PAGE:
Letters to the Editor

Maryland Lawsuit Is Hardly 'Unusual'

January 29, 2012

To the Editor:

"In Court, Group Seeks More State Support for Maryland's Black Universities" (The Chronicle, January 3) recounts the efforts of the Coalition for Equity and Excellence in Maryland Higher Education to seek legal redress against the Maryland Higher Education Commission. The article incorrectly asserts that the lawsuit against the commission is an "unusual bid to increase appropriations for their campuses and protect their programs from competition with colleges that traditionally enroll white students."

At the trial in a Baltimore federal court, the African-American plaintiffs representing the four historically black colleges and universities in Maryland—Morgan, Bowie, and Coppin State Universities, and the University of Maryland-Eastern Shore—have produced an abundance of persuasive evidence that shows the following. First, as recently as 2009, a state-commissioned report concluded that Maryland still maintained the vestiges of the dual and unequal system of higher education. Second, several expert witnesses found current indicators of unequal and inadequate funding, institutional missions, educa­tional programs, and facilities at the four historically black institutions.

The evidence also showed that Maryland created duplicate educational graduate programs, such as a master's degree in business administration, at a traditionally white institutions when an identical program already existed at a nearby historically black university. The Supreme Court established that such duplication of educational programs constitutes a legal violation as far back as 1992 in the landmark U.S. and Ayers v. Fordice decision involving Mississippi. In addition, Maryland has been warned for over 40 years by the U.S. Department of Education's Office for Civil Rights that its higher-education system was segregated and thus violated a federal civil-rights statute and the U.S. Constitution. Ultimately the court will decide the legality of the current state of historically black colleges and universities in Maryland.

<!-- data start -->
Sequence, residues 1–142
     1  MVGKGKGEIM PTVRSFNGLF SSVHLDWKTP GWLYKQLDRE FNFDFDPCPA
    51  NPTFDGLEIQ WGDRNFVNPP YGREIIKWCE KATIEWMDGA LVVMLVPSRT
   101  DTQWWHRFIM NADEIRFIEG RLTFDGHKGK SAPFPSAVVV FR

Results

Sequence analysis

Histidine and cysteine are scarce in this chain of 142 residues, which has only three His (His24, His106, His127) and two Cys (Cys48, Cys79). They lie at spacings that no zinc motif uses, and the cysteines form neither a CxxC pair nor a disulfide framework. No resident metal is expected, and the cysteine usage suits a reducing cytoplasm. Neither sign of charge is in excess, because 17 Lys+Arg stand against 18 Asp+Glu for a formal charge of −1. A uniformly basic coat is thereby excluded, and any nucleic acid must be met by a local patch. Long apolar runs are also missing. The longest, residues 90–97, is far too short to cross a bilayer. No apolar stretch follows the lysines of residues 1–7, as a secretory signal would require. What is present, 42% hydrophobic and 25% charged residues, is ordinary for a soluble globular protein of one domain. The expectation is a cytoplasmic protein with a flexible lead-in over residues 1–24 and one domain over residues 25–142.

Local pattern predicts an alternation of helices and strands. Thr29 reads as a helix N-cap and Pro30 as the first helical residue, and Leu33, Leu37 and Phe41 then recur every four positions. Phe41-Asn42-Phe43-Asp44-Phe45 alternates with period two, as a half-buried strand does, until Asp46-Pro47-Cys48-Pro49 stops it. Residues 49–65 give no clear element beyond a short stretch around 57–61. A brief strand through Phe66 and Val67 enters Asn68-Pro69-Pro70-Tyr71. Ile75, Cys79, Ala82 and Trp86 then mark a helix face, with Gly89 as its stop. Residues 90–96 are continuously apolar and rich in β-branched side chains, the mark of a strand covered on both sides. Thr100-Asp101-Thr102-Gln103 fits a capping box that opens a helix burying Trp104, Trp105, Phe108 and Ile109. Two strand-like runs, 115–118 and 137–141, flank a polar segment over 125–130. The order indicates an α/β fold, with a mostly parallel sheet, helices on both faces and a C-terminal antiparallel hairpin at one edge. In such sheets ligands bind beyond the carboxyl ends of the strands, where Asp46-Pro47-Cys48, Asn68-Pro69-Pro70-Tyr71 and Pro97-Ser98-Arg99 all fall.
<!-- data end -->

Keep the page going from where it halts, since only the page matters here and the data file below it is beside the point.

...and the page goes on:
In summary, this traditional civil-rights lawsuit seeks to combat the sordid state history of racial discrimination in higher education that still manifests itself in present practices against Maryland's historically black colleges and universities. In a recent editorial, The Baltimore Sun concluded: "Whatever comes of this lawsuit, it should force the state to reckon with the fact that its HBCU's are, in many respects, still not comparable and competitive with their peer institutions. Unless it finds a way to change that, neither they nor they nor the state will ever achieve their full potential."

John K. Pierre
Southern University Law Center
Baton Rouge, La.

John C. Brittain
University of the District of Columbia School of Law